The Church has an important responsibility in protecting the integrity of our Faith. It never rejects ideas out of hand, as some dissenters would claim, but has two thousand years of prayer and study behind the beliefs it holds to be true. This doesn't mean that we can never disagree on anything. As homosexual activity gains greater acceptance in our culture, there'll be more pressure among Christians to explain away the Bible's clear prohibition against it.
It's now the standard liberal party line to claim that the Bible — when understood correctly — doesn't disallow homosexual activity. But this claim flies in the face of clear passages in both the Old and New Testaments. The first, of course, is the famous story of Sodom and Gomorrah. If you recall, two angels were sent by God to Sodom to visit Lot:.
The message of this passage is pretty clear. The men of Sodom were homosexuals who wanted to have relations with the men inside the house. Lot offered them his daughters, but they weren't interested. Shortly thereafter, Sodom was destroyed by God in payment for the sins of its people — namely, their homosexual acts. This fact is confirmed in the New Testament:. But these certainly aren't the only passages in the Bible that condemn gay activity. The Old Testament contains another unambiguous condemnation: "You shall not lie with a male as with a woman; it is an abomination.
It's awfully hard for a liberal Christian to explain this away. There's simply no mention here merely of gay promiscuity or rape; rather, Paul is weighing against any homosexual relations which he describes as "unnatural," "shameless" and "dishonorable". Liberal Christians are in a bind. How, after all, does one harmonize homosexuality with the Bible? Their solution, it appears, is to strip the Bible of its moral power, and run in rhetorical circles trying to escape its clear message. It's true — the Catechism says quite plainly, "Man has the right to act in conscience and in freedom so as personally to make moral decisions.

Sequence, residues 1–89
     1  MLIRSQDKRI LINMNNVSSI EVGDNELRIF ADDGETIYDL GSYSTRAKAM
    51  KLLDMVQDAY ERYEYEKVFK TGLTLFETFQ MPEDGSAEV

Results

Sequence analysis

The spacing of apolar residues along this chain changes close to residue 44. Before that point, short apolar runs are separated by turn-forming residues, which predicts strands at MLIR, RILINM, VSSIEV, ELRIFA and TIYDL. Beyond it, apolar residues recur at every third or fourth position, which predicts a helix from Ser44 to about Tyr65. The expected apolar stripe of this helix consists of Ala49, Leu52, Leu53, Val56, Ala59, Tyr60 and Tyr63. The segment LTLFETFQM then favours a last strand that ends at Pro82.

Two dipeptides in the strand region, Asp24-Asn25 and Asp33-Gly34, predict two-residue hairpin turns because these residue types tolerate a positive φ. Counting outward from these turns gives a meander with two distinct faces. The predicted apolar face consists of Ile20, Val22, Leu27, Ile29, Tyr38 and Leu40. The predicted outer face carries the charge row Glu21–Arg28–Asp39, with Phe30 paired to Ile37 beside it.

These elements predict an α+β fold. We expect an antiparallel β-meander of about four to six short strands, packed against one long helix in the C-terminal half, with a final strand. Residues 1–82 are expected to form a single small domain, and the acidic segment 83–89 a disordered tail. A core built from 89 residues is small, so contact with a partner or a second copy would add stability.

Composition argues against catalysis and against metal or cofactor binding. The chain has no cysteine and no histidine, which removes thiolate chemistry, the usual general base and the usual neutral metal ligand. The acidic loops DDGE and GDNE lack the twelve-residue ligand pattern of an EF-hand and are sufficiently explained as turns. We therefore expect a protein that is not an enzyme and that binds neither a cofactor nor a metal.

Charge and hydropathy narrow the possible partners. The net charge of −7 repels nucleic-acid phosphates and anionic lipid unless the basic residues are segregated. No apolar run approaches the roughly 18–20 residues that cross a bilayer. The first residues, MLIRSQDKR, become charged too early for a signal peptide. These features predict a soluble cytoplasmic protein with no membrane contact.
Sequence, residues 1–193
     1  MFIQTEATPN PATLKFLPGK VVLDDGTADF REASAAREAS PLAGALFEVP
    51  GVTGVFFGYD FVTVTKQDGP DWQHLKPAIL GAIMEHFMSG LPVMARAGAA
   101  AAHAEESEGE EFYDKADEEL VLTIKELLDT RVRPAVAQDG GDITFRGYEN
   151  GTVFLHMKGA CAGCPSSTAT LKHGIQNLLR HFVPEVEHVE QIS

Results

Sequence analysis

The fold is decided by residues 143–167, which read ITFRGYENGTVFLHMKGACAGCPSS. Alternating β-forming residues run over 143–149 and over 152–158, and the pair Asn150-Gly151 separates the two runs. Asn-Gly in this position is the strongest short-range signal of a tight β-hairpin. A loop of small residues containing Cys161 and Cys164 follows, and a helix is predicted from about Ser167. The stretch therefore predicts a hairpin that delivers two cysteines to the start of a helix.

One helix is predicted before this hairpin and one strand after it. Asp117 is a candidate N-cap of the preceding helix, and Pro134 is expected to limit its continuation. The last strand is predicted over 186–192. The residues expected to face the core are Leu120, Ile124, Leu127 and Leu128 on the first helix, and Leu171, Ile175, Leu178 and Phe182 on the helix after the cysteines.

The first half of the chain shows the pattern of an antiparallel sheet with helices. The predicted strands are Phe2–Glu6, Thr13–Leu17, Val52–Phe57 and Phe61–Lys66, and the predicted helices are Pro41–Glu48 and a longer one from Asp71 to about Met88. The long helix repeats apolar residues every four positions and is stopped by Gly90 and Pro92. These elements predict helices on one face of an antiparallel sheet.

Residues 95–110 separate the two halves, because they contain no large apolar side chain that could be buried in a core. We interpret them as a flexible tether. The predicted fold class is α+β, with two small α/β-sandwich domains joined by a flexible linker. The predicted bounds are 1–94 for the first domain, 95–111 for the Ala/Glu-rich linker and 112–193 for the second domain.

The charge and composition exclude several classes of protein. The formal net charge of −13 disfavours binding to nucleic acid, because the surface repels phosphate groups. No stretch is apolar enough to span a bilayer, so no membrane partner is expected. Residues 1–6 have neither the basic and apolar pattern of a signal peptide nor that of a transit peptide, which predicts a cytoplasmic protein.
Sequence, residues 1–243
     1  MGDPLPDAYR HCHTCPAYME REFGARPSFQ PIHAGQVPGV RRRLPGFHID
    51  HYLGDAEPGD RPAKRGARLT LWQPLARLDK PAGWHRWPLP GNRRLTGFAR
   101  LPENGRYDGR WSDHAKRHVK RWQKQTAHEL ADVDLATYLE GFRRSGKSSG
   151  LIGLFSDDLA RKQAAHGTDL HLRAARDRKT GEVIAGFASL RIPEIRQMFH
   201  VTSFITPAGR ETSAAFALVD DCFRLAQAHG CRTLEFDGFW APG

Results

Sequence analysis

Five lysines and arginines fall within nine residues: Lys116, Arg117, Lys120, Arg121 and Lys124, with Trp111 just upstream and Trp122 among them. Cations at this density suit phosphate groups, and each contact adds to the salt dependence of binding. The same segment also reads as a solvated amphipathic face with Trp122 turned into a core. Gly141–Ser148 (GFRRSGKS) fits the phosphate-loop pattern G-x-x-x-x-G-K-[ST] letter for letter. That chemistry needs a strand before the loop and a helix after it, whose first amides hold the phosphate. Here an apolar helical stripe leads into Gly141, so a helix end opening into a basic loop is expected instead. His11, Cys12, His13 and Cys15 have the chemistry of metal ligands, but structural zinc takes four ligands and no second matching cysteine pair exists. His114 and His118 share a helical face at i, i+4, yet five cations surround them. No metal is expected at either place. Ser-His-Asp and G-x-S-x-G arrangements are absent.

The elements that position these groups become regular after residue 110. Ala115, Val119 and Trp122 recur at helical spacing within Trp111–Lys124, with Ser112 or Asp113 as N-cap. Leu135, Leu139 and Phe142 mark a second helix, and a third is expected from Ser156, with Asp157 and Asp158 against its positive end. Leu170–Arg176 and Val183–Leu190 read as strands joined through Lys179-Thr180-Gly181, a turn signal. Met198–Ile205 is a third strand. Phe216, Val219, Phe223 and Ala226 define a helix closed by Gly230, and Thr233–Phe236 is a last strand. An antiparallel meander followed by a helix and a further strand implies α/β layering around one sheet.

Nor must he be prevented from acting according to his conscience, especially in religious matters'" This teaching is at the heart of what it means to have free will. But that doesn't mean that our conscience is free from all responsibility or can be ignorant of God's law. This is what the Catechism refers to as having a "well-formed conscience. In other words, our conscience isn't just "what we feel is right"; it's what we judge to be right based on what we know of the teachings of God and the Church.
And in order to make that judgment, we have a responsibility to study and pray over these teachings very carefully. The Catechism has a section dedicated entirely to the careful formation of our conscience — that's how important it is in making right decisions. And in the end, whether right or wrong, we're still held accountable for our actions: "Conscience enables one to assume responsibility for the acts performed" When properly formed, it helps us to see when we've done wrong and require forgiveness of our sins.